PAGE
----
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This website has ReachDeck installed (a digital inclusion toolbar from Texthelp).

ReachDeck can translate text into 99 languages and read text aloud in 40 languages and can make text more accessible too.

Try it out for yourself…Click on the orange ‘speak’ button that you can see at the top of the website page on the left. This will launch the ReachDeck toolbar along the top of the page- which if you click on the icon in the toolbar, it will allow you to select a language and will convert all the website into that language. If you want it to read that language out loud press the icon.

To find out more about all the ReachDeck features please see here: ReachDeck information and help page

Feelings, emotions and mental wellbeing during pregnancy

Becoming pregnant can feel quite scary, you may be pleased to be pregnant, it may have been planned or may be more of a surprise.

The initial weeks and months of pregnancy are a time of significant psychological change for both you and those close to you (father of child/partner/family/friends).

Your thoughts and emotions may change from feeling excited and happy to negative feelings of worry, anxiety. These changing feelings are normal and can depend on a variety of factors: you may be feeling sick or vomiting or have other unpleasant symptoms like not being able to sleep or feeling extremely tired. 

The 1 minute video below from Tommy’s mentions why it’s good to think about your mental wellbeing during pregnancy.

Other factors may also affect how you feel such as:

  • changes in the way antenatal care is  being delivered right now,
  • having to stay at home protecting the health of you your baby & your family,
  • pressure from work,
  • caring for other children,
  • relationship difficulties,
  • financial worries
  • or something else, that may seem quite small, but is something that is really troubling you.

If you feel you may need a little support or a lot, the video below, explains that you are not alone, services are here to support you.

Click through to find out more, and for resources about feelings, emotions and mental wellbeing during pregnancy:

Mental Wellbeing during Pregnancy

Domestic Abuse

Domestic abuse can be physical, sexual, emotional, psychological (including gas lighting and coercive control), online or financial and is often a combination of these types. Pregnancy can be a time of increased risk of domestic abuse, and existing abuse may get worse during pregnancy or after giving birth.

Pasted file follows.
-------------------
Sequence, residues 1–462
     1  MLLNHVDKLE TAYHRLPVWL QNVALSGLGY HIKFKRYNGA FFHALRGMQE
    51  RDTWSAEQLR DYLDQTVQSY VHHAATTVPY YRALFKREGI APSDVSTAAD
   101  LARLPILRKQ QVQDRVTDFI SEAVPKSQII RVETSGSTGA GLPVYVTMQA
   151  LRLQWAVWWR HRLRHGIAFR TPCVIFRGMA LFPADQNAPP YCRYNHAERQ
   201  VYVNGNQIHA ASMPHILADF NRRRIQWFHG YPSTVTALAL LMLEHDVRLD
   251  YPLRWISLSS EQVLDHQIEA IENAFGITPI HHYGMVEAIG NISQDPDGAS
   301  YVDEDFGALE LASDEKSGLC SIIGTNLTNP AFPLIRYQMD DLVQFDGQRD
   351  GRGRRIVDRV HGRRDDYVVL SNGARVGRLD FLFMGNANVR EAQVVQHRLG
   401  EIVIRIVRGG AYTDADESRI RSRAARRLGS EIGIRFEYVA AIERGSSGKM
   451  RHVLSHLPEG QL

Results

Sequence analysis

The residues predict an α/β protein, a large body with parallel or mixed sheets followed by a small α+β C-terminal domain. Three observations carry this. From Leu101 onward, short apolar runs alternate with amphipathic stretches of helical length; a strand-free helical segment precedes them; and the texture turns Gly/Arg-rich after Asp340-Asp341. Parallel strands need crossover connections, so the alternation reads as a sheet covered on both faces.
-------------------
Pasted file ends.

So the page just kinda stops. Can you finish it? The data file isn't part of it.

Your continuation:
This short video clip explains why we ask about domestic abuse during pregnancy.

Everyone has the right to live free from fear, violence and abuse.

Speak to your midwife, health visitor, doctor, national domestic abuse support line on 0808 2000 247 or if you are in immediate danger call 999 and ask for the police.

For further details of support and information on domestic abuse, see below:

Support for Domestic Abuse

Pregnancy, Birth and Parenthood after Childhood Sexual Abuse

The effects of childhood sexual abuse can last a long time and having a baby can be a particularly difficult time. If you have been abused, please do speak to your midwife.

You may also find it helpful to view the online resource which aims to help women who have experienced childhood sexual abuse to prepare for pregnancy, birth and parenthood. It shares real-life experiences of pregnancy, birth and parenthood and has been created through the collaboration of women who have experienced child sexual abuse, midwives and researchers.

There is more information about the online resource  at The Survivor’s Trust and you can access the resource directly through the button below:

Online Resource – Pregnancy, Birth and Parenthood after Childhood Sexual Abuse

There is a helpline available: 08088 010818

 

Birth Trauma

Birth trauma like any traumatic event in our lives, can lead to post traumatic stress disorder symptoms. It may make it difficult to bond with your baby. You may find you get symptoms triggered about your birth experience by seeing others who are pregnant, other babies or certain television programmes such as One Born Every Minute.

Birth Trauma can affect mothers, birthing people as well as birthing partners too. It can affect people in different ways at different times. Speak to your midwife, health visitor or GP about your thoughts and feelings. They are there for you.

To find out more about birth trauma and help options available you may want to view the following resources and websites:

Self help after birth trauma

Understanding Post traumatic stress disorder after birth

Make Birth Better

Birth Trauma Association

Tommy’s